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Understanding the Science Behind Metabolism

By | September 19, 2016 | fitness, nutrition

Metabolism is related to weight loss and weight loss resistance, but how?

It can be frustrating if you’re having trouble shedding pounds, even though you are eating correctly and exercising. Maybe even more frustrating when there’s that one person that eats everything but doesn’t gain weight. We might say they have a “fast metabolism” and chalk up our own weight-loss failure to a “slow metabolism” — but what does that even mean?

To take control of your body, start with the basic science behind metabolism. When you understand the chemical processes that is your metabolism, you can manipulate it to your advantage — whether you’re trying to take the weight off or put it on.

The five factors of fat metabolism

The word metabolism is thrown around without definition. So let’s begin with what metabolism is. Breaking it down, metabolism is a chemical process that occurs at the cellular level. At it’s most basic, cells are converting chemicals (from the things you eat and drink) into energy. This energy is used by your organs to function. Typical fat metabolism uses proteins, carbohydrates, and lipids from the food we eat.

So let’s look at the factors that contribute to metabolism and can influence weight loss and weight loss resistance:

  1. Insulin and glucose
  2. Caloric intake
  3. Thyroid gland function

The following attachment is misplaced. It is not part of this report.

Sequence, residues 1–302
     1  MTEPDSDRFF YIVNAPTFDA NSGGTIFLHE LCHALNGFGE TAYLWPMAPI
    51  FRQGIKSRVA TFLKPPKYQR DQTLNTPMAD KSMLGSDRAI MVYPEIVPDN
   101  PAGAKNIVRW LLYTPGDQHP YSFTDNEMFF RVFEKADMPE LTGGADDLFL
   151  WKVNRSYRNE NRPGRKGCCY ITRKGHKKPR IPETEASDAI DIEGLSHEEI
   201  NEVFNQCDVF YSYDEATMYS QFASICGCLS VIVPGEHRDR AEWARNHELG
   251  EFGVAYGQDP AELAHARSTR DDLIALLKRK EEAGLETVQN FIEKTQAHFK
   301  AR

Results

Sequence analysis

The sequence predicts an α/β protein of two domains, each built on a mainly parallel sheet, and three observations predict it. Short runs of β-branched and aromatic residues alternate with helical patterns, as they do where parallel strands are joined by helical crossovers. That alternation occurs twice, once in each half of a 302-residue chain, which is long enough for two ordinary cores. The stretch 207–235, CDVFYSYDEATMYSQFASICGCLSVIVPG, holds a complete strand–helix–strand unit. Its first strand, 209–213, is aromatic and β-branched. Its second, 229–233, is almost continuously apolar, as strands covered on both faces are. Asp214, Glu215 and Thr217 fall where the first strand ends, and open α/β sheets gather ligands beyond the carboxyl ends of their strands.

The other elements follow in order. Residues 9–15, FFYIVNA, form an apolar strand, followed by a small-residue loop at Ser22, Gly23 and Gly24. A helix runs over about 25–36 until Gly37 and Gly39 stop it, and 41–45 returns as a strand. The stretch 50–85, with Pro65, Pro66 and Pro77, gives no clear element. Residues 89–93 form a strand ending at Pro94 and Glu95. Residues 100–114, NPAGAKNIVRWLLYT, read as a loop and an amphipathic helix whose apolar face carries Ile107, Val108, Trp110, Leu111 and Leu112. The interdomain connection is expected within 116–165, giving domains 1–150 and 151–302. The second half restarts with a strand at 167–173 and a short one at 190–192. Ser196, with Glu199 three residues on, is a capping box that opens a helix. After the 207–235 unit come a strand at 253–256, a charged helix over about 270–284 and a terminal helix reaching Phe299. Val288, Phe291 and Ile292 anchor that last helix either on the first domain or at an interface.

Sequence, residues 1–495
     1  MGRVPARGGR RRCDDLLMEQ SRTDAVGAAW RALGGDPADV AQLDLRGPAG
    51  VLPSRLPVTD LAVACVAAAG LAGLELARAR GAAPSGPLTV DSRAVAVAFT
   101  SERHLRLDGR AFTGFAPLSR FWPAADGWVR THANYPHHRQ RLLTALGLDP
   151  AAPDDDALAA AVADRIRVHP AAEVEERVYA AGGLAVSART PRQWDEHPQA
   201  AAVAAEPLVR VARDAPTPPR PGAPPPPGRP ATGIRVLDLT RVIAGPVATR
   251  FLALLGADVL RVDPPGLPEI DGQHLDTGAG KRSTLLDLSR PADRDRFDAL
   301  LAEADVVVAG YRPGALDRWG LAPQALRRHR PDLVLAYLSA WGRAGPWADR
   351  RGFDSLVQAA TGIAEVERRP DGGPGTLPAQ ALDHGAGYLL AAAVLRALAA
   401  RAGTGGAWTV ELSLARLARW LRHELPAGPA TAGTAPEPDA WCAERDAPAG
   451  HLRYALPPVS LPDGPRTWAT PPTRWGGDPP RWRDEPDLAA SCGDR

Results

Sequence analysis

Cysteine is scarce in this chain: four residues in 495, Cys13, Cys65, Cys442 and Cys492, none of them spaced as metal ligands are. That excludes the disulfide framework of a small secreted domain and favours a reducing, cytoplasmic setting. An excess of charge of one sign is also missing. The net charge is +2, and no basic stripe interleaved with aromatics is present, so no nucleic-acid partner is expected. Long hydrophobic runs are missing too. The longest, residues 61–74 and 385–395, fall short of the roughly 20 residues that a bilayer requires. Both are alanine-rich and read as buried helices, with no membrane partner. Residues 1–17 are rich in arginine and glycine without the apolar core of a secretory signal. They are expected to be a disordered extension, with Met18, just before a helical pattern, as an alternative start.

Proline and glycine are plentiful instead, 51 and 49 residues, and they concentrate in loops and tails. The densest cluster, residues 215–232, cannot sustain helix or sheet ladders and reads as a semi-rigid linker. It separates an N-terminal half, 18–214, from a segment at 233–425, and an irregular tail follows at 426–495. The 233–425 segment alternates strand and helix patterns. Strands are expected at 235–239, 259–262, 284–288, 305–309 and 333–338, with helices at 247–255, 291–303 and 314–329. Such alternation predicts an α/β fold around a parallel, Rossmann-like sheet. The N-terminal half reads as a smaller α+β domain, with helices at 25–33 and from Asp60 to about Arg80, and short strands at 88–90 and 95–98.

4. Basal metabolic rate
  5. Exercise and activity

Clearly, there are factors that are within your control — what you eat and your activity level — and there are biological factors that may be a little bit more nebulous. But by understanding these factors, you can make more informed lifestyle decisions to hit your target weight, or whatever is right for you. Now, let’s explore the factors that contribute to your metabolism.

Insulin and glucose

Insulin, produced by the islet cells of the pancreas, is responsible for transporting glucose from the bloodstream and turning it into cellular fuel. Those suffering from type 2 diabetes and those who are overweight could be experiencing a form of insulin resistance, which means cells are starved of the fuel needed for proper metabolism.

Caloric intake

What is a calorie? It’s actually a measure of energy. The scientific equation is one calorie is the energy it takes to raise one gram of water by one degree Celsius. (Hint, “calorie” on our food labels is actually a kilocalorie). Calories — the food we eat — fuel our basic bodily functions and anything in addition. So to maintain a certain weight, you need to maintain energy in and energy out. If we consume more energy (calories) than we use, it is stored as fat for later use.

Thyroid gland function

The thyroid is a butterfly-shaped endocrine gland located in front of your windpipe. It produces hormones essential for turning on cellular metabolism. Low thyroid conditions can result in feelings of sluggishness. With these conditions, metabolism of the cells decreases and calories from protein, carbohydrates and fats more rapidly turn to fat. This can result in weight gain and an increase in the percentage of fat-based body weight. People with hypothyroidism, where the thyroid is low producing, often experience fatigue, slower heart rate, slower bodily functions, difficulty with weight loss and dry skin.